In times when fear and anxiety are spiking, when individuals and businesses are facing historic vulnerabilities, and when isolation is our best defense against an unseen foe, perhaps simple neighborliness can carry us through. Here are two neighborly principles you and we should all be trying to emulate:

Be cautious, but be kind. In the aftermath of 9-11 and during the banking crisis of 2008, most people’s lives went on as normal. At least during those times, people went to work and children returned to school. In this new normal of social distancing, industry shutdowns and certain uncertainty, people’s nerves are a bit frayed and patience is strained. We share a common link to others who’ve faced adversity in trying times. I’m reminded of the thousands of people who were forced to take refuge, together, in the bomb shelters under London during World War II. Believe it or not, sociologists and psychologists say that the bombings did not have the intended response of panic and despair Germany had hoped to unleash on Britain. Why? Because, gradually, Londoners grew accustomed to the new normal and adapted. Together. Recently, we’ve seen other instances of incredible resilience and bonding – like the singing of national songs from balconies in deserted Italian piazzas, or musicians providing live concerts to fans across the oceans for free, or museums making virtual tours available for anyone stuck at home.

Give as much grace as you would like to get.

Do you remember going into the store to get water, toilet paper or hand sanitizer, only to find the shelves empty? Similarly, every business in America and much of the world is struggling to make payroll, pay their bills or to get their receivables, produce and distribute their goods. For a time, the shelves will remain empty but eventually, they will be re-stocked and they will continue to be filled over and over again. Breathe in. Don’t fight someone over a few rolls of toilet paper or a gallon of milk if you have some at home. You don’t know the circumstances of others, and we all have a collective responsibility right now to understand that this, too, shall pass.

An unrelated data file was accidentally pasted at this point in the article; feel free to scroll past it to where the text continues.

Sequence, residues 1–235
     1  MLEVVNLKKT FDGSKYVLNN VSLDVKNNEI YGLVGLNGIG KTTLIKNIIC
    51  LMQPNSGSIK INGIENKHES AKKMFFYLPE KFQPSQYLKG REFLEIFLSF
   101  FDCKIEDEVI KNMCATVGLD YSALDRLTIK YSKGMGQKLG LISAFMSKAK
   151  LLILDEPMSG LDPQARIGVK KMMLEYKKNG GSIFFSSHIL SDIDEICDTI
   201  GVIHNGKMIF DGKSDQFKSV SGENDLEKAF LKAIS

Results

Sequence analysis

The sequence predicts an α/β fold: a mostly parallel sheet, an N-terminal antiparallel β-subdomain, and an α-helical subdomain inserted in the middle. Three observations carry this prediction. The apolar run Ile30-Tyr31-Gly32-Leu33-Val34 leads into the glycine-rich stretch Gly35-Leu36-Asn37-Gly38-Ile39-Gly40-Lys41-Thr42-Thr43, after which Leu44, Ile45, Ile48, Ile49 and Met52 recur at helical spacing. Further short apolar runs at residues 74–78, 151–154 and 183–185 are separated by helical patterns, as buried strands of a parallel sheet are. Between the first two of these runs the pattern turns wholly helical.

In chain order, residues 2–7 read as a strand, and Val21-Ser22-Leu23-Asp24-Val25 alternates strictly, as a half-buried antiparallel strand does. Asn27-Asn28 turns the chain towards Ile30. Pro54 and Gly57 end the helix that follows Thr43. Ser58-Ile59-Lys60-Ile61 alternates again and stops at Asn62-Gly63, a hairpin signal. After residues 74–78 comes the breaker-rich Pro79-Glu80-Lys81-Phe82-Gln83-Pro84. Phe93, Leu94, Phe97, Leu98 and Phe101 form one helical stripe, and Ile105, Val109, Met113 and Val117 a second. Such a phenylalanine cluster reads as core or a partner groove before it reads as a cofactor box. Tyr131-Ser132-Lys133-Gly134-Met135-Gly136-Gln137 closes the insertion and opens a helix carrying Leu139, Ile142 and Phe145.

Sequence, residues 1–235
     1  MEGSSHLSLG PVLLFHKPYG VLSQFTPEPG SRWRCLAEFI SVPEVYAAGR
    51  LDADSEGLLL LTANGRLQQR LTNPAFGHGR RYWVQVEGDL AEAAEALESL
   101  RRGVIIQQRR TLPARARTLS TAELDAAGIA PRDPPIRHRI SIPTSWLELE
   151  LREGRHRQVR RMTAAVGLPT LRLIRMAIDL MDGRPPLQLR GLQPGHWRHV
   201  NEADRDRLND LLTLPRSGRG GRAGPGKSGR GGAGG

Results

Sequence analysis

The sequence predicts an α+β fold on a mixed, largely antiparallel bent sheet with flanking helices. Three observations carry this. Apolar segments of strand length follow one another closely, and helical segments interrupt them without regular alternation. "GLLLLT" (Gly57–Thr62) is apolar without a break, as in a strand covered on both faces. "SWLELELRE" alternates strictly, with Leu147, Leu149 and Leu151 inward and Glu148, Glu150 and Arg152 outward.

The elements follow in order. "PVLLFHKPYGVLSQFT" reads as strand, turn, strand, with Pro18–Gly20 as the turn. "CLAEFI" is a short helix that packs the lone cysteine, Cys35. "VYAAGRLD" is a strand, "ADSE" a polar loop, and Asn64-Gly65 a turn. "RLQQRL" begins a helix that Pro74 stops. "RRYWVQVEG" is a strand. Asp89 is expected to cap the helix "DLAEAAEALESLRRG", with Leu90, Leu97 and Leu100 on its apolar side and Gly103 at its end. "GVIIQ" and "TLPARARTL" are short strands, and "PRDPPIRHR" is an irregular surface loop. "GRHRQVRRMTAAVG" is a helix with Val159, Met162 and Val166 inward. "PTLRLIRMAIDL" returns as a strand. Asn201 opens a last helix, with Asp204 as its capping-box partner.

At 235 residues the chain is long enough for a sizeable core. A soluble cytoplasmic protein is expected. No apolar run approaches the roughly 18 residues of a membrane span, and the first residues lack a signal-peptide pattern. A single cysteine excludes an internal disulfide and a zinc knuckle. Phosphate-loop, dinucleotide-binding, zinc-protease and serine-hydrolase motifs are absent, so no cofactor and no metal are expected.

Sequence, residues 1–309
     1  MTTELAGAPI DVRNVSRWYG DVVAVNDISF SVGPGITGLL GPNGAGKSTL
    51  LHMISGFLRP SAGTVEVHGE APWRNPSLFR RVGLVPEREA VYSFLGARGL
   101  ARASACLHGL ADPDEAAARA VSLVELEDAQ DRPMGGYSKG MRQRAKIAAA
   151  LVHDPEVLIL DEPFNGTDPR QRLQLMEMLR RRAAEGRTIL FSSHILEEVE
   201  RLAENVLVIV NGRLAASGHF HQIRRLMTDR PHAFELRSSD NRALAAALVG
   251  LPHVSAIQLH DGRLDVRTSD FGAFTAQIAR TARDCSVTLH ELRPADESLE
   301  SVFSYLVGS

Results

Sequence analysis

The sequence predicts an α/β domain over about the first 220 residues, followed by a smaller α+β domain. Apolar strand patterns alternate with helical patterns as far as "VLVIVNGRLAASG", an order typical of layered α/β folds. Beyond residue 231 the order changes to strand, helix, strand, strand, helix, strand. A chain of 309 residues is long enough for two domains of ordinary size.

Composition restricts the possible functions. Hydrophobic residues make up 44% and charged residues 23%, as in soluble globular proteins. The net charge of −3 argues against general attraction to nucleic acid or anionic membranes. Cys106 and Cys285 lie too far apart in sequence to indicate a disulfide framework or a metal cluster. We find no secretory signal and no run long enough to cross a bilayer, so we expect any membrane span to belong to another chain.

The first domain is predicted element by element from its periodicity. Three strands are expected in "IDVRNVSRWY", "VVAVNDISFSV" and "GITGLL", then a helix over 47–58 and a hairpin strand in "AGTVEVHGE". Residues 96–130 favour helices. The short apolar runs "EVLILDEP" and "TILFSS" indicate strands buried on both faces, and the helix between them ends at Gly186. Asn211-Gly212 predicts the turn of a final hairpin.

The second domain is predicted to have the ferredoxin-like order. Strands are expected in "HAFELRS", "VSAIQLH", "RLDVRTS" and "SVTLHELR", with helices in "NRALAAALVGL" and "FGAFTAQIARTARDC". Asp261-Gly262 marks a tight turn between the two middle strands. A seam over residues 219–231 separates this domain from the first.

Now is not the time for panic, or hoarding, or unreasonable actions. Now is the season for us to “stay true to our convictions and values, and to not deviate under pressure”.

Eric Wright
President of Publishing at | Website

Eric Wright is an innovative leader, dynamic speaker and published author. He turns complex principles into simple and practical life applications. For over 25 years, Eric has taught leadership and management seminars on four continents, served on various economic development and visioning councils, and authored hundreds of published articles and three books.

As President of Publishing at SpaceCoast Magazines, Eric oversees the production of business and lifestyle journals, along with numerous specialty publications. Through these journals, Eric offers entrepreneurs and business leaders a trusted voice connecting communities across Florida and the US.

Eric and his wife, Susan, live in Indialantic, Florida, and have three married sons and four grandchildren.